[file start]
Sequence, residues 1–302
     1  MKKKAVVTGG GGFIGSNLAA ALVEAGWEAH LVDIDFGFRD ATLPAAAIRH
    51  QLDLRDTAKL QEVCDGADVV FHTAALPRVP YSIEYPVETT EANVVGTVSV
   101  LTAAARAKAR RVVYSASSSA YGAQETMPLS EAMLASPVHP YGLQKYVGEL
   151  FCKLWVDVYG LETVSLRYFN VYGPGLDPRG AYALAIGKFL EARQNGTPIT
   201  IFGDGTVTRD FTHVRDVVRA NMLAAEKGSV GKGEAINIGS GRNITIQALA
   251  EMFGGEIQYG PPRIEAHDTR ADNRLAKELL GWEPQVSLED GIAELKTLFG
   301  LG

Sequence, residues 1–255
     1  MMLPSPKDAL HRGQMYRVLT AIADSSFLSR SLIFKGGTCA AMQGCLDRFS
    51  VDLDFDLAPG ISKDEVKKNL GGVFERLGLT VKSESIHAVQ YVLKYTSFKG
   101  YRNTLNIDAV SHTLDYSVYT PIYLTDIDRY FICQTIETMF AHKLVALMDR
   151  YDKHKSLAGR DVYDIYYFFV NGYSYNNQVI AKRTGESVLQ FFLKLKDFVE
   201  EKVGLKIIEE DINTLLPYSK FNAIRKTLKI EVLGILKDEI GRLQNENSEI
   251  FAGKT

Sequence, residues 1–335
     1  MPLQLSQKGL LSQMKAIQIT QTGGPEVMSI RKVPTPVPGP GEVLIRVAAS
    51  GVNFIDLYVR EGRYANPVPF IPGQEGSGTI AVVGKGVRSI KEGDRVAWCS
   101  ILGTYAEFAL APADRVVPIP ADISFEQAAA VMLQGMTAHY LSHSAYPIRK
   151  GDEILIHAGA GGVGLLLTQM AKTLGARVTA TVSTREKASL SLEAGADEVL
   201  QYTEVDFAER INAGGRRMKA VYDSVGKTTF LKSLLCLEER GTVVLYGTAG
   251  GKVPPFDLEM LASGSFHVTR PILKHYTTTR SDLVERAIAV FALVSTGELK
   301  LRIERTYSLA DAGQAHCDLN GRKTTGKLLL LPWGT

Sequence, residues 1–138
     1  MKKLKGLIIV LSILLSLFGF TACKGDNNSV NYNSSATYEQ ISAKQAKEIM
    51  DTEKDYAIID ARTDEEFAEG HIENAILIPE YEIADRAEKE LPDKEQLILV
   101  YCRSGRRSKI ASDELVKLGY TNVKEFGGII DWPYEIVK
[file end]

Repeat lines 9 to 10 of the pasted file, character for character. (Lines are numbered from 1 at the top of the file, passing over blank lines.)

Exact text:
Sequence, residues 1–255
     1  MMLPSPKDAL HRGQMYRVLT AIADSSFLSR SLIFKGGTCA AMQGCLDRFS